GAINESVILLE — In a brief meeting high on attendance and passionate dialogue, the Florida High School Athletic Association's board of directors voted unanimously Wednesday to rescind a previous decision to trim contest schedules in nearly all its sanctioned sports.
The 15-0 vote, held before a gallery of dozens at the FHSAA headquarters in north Gainesville, came in the wake of a lawsuit filed by a gender-equity group that argued the trimmed schedules violated federal Title IX guidelines, essentially because football was excluded.
The original FHSAA decision, approved by a 9-6 vote in April and intended to help alleviate the state's educational budget crunch, would have trimmed varsity schedules in all sports (except football and cheerleading) by 20 percent and reduced junior varsity schedules by 40 percent.
On Wednesday, FHSAA executive director Roger Dearing said the costs of a potential years-long court battle would have negated any money saved by the trimmed schedules.
"I'm a native Floridian," Dearing said. "There's an old saying that says the juice is not worth the squeeze."
A hearing on the gender-equity group's motion for a preliminary injunction against the FHSAA is set for Friday in a federal courtroom in Jacksonville. On Tuesday, the U.S. Department of Justice filed an amicus brief on behalf of the plaintiffs against the FHSAA. Whether that hearing now will be rendered moot remains unclear.
Before being advised by an FHSAA attorney not to comment further, Dearing told reporters: "I don't think it makes any difference what happened today, something happens on Friday. Today's action does not eliminate what happens Friday, but it may eliminate what decision the judge makes and what ruling he makes at this point."
Title IX attorney Nancy Hogshead-Makar, a U.S. Olympic swimming gold medalist representing the six-parent gender-equity coalition, was pleased with Wednesday's vote but expressed lingering reservations.
"I'm very happy that it was a unanimous decision," said Hogshead-Makar, an FHSAA Hall of Fame member whose plaque hangs in a hallway of the association office. "On the other hand, it does worry me in the fact that the (FHSAA) doesn't recognize how this is a violation of law.
"Nobody said, 'Oh we're sorry,' or 'We see the light now,' or 'This was a violation of gender equity.' The only thing that has made a difference for them is a lawsuit."
Dearing said the FHSAA's intention all along was not to discriminate but simply assist the state with the financial crisis and devise a uniform, cost-cutting solution so no sport would be eliminated. Football, the state's primary revenue sport, was spared because it helps finance nonrevenue sports.
"To me, cutting football was cutting revenue in girls sports," said Pinellas Park athletic director Greg Zornes, the FHSAA board's president.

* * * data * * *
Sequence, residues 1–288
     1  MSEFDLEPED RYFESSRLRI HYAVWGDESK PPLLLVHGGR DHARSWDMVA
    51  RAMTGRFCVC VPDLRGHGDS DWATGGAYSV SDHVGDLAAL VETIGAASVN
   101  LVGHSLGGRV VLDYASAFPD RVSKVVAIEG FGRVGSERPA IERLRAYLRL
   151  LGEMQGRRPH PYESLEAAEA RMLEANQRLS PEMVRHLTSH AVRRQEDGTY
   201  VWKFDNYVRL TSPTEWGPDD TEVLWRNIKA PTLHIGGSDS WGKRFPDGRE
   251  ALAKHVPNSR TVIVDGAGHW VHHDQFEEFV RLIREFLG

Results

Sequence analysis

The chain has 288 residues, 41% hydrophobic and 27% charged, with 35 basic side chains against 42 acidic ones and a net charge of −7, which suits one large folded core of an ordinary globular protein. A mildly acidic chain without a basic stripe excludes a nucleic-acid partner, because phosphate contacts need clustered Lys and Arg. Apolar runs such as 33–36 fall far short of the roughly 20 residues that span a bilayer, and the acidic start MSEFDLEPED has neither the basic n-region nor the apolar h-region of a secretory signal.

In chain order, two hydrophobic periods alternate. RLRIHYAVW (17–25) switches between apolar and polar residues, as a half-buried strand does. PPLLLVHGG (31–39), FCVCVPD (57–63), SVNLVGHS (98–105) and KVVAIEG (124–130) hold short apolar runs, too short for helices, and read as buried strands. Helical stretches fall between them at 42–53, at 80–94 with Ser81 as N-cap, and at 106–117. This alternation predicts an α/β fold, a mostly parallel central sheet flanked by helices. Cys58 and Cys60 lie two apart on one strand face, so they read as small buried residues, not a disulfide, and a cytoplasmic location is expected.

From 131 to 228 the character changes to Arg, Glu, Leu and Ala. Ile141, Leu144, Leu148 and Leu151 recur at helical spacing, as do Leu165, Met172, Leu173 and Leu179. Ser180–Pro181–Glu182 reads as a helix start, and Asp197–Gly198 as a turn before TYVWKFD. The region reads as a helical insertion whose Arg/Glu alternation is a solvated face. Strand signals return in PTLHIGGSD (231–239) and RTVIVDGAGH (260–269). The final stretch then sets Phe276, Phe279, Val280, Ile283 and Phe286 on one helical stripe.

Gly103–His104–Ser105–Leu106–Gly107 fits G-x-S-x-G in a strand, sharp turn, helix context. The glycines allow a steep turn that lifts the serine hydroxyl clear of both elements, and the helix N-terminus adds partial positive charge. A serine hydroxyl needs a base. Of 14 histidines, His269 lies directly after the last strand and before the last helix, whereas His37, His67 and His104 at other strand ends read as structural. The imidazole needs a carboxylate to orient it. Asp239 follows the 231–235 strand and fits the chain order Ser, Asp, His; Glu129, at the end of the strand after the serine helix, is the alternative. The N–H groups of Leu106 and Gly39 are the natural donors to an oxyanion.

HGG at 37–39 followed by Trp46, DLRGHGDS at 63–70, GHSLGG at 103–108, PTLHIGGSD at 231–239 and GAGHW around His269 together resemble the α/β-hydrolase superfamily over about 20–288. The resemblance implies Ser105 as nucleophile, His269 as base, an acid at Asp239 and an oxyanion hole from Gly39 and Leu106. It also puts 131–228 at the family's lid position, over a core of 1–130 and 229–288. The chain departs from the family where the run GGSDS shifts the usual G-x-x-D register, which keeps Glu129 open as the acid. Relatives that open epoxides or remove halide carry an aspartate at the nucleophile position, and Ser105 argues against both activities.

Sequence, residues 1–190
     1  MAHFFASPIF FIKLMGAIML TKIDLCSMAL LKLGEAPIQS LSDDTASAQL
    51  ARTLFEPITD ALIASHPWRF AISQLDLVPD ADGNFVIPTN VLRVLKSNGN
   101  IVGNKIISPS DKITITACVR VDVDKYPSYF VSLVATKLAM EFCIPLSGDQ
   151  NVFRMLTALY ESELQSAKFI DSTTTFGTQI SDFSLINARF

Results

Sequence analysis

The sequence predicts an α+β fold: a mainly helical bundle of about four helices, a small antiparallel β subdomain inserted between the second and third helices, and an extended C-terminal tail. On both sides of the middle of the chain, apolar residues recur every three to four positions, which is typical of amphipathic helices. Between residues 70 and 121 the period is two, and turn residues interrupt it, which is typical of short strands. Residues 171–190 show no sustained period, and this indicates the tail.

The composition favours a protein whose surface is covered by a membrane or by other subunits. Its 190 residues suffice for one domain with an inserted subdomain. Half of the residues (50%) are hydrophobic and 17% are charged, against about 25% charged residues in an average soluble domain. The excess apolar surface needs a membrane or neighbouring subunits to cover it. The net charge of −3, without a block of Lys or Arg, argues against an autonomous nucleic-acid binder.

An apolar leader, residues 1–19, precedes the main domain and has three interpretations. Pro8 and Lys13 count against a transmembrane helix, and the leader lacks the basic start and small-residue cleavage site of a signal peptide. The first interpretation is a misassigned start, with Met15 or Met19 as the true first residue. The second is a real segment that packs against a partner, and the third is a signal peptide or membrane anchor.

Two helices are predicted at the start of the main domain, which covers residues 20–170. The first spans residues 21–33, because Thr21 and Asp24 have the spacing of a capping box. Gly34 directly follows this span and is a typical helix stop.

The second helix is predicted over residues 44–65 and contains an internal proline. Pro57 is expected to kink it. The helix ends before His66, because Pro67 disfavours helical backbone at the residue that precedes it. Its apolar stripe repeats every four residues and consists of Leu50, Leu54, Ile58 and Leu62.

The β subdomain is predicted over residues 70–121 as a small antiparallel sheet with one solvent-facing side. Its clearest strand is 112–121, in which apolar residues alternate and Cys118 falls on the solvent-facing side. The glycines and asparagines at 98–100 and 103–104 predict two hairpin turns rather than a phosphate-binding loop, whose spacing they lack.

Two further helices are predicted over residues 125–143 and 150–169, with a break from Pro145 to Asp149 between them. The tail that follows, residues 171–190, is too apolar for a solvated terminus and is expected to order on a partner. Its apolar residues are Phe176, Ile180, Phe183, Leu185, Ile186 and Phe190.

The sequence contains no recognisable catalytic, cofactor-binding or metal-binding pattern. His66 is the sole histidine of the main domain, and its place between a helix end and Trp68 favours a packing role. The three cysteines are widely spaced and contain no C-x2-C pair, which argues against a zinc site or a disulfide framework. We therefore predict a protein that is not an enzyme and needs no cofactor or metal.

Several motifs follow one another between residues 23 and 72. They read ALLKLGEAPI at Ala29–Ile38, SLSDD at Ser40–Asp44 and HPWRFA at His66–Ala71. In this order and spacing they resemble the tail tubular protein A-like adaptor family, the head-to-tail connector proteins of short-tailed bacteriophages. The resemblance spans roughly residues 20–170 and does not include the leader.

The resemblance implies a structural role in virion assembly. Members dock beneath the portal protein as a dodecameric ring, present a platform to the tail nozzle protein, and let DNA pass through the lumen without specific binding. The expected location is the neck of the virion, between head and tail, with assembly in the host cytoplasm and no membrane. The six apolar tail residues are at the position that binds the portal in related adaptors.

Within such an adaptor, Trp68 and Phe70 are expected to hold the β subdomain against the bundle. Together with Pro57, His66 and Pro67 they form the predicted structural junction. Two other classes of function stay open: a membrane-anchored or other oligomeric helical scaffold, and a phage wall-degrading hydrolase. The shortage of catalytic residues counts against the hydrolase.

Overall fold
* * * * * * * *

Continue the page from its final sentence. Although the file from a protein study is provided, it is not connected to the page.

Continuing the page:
"I think the hearts of the board and the staff were pure," Dearing added. "Sometimes even though you have a pure heart, the law has a different interpretation. And I think we have to respect the law of the land."
The vote means that, effective immediately, most traditional team sports (basketball, volleyball, baseball, softball, soccer) can schedule a maximum 25 regular-season games instead of 20.
"I think this is a great decision, and it was the one that made the most sense," Clearwater boys basketball coach Allen Carden said. "I never felt they should've taken the games away from the kids. It doesn't help them get better."
Gulf girls basketball coach Mike Quarto also lauded the decision. "I think it's great for the kids," he said. "I think it's great for the schools and great for the community to be able to watch their teams play more games in the regular season."
Districts may balk
The board's action, however, may be too late for some fall sports teams that had resigned themselves to shorter schedules.
Nick Grasso, athletic director for Pinellas County public high schools, said the county will pay for 16 games in sports such as volleyball and boys and girls basketball. Individual schools will be responsible for scheduling and funding the remaining games if they want to reach the maximum of 25.
Plant volleyball coach Leanna Taylor said her team committed to playing in an elite tournament in Chicago for a second straight year but couldn't commit to the Berkeley Premier — one of the state's top tournaments.
"We've been told (by the county) we might be able to pick up two or three games, so we still won't be able to get back to 25," Taylor said. "But hopefully we can pick up another tournament and get the five games back. Maybe some coaches will get together and start another one so we can get the games in."
While signaling somewhat of a victory for Title IX proponents, the FHSAA's action still could produce a devastating ripple effect for Florida prep sports. Amid the budget crisis, individual school districts still could mandate their teams schedule fewer than the maximum amount allowed.
Some districts, in fact, could trim sports altogether.
"Now the inequities begin," warned board member Tim Wilder, superintendent of Gulf County schools. "Now is when school districts will say, 'We're not going to be able to do it; we're going to have to cut back.' "
Hillsborough County assistant athletic director Jennifer Burchill said future athletic budget cuts in Hillsborough will be up to Superintendent MaryEllen Elia, who announced Tuesday she'll take a 5 percent voluntary pay cut, and her staff.
Could losing sports be a possibility?
"I think you always have that in the back of your mind based upon what goes on with the economy and what goes on with our funding," said Burchill, who attended the meeting. "Every aspect of the economy is feeling pinches, and the question is just going to be where is that pinch going to come from?"
Times staff writers Eduardo A. Encina and Bob Putnam contributed to this report.